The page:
Scientists Grow Human Esophagus In The Lab For The First Time

This microscopic image shows a two-month-old human esophageal organoid bioengineered by scientists from pluripotent stem cells. Cincinnati Children's

For the first time, researchers have grown esophageal tissues entirely from pluripotent stem cells, which are those that can become any other type of cell in the body. The feat was led by a team from the Cincinnati Children's Center for Stem Cell and Organoid Medicine (CuSTOM).

This approach has many intriguing consequences. It allows for the safe, detailed study of conditions related to our food channel in the lab, it provides model samples to test therapies and drugs on, and it might even lead to personalized tissues that can be implanted into a patient in need. This important result is published in the journal Cell Stem Cell.

The team was able to grow samples of esophageal tissue in about two months, with sizes ranging from 300 to 800 microns in length. The samples were compared to biopsy samples of gullets from patients, with both the bioengineered and the biopsy samples alike in composition, according to the team.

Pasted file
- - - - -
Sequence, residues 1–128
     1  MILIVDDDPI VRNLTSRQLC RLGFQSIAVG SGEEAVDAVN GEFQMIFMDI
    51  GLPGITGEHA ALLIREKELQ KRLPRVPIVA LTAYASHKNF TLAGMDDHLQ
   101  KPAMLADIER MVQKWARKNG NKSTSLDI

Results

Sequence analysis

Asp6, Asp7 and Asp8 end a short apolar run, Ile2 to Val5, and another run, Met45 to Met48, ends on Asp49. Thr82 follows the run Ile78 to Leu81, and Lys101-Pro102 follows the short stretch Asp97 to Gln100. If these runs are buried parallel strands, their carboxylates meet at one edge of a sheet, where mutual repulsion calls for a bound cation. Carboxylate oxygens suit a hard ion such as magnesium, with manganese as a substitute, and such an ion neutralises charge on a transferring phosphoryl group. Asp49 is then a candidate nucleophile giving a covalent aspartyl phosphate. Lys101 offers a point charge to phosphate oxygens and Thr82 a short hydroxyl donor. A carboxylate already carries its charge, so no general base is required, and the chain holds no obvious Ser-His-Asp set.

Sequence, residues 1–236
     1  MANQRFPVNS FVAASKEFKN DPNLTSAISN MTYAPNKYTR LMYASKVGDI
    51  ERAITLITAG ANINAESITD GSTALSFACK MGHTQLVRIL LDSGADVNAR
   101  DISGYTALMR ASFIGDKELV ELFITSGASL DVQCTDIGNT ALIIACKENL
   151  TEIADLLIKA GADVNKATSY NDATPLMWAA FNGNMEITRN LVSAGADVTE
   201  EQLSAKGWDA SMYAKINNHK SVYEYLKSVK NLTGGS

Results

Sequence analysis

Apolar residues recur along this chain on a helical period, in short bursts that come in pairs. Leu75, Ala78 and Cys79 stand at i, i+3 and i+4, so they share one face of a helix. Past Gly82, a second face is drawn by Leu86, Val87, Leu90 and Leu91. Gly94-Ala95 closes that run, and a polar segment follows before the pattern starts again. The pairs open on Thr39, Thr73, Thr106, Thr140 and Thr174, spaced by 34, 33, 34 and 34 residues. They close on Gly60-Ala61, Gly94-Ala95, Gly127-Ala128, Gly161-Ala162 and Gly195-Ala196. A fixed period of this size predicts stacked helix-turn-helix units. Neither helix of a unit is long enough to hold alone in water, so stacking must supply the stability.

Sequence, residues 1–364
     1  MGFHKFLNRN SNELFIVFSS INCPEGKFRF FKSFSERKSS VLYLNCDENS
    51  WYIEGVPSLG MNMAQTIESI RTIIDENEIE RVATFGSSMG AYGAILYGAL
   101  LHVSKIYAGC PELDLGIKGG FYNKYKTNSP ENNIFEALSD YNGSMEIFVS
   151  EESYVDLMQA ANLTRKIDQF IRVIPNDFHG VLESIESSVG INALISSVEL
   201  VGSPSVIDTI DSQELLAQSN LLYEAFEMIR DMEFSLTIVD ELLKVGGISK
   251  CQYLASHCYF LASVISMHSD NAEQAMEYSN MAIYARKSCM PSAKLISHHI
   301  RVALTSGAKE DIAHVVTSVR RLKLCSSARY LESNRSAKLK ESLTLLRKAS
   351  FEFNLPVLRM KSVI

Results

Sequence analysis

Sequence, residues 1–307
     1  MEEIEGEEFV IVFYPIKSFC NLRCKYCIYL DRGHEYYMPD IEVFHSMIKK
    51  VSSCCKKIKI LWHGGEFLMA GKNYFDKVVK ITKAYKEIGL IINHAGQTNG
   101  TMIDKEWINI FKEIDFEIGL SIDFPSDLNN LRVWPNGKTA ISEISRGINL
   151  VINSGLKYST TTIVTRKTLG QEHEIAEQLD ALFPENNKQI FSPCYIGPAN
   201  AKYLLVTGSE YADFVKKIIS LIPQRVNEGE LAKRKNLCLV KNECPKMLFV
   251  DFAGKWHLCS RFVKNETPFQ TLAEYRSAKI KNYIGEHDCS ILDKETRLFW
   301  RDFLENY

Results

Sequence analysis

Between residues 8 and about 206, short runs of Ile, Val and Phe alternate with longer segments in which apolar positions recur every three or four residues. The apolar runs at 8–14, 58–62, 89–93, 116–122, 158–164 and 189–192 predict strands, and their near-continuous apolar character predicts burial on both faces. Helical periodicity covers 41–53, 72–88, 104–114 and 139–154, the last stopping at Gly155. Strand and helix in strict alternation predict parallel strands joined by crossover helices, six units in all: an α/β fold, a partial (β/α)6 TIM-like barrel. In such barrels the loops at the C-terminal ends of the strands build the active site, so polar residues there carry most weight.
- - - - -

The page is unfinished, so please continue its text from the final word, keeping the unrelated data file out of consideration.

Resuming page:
"Disorders of the esophagus and trachea are prevalent enough in people that organoid models of human esophagus could be greatly beneficial," lead investigator Dr Jim Wells, chief scientific officer at CuSTOM, said in a statement. "In addition to being a new model to study birth defects like esophageal atresia, the organoids can be used to study diseases like eosinophilic esophagitis and Barrett's metaplasia, or to bioengineer genetically matched esophageal tissue for individual patients."

The esophagus is the muscular tube linking the mouth to the stomach. Conditions that affect it might be congenital, forming during fetal development. There are also conditions that develop with age. Esophageal cancer is one example, but gastroesophageal reflux or achalasia can also reduce function and put a person's life at risk.

The team points out that all these conditions require better treatments, and to reach them, it is important that both the genetic and biochemical mechanisms at play in the esophagus are understood. This is why using these organoids could be a game changer. They are ideal human tissues that can be experimented on safely.

The team will continue to investigate these organoids and focus on ways to advance the technology. The researchers hope that the organoids will deliver on their therapeutic potential.

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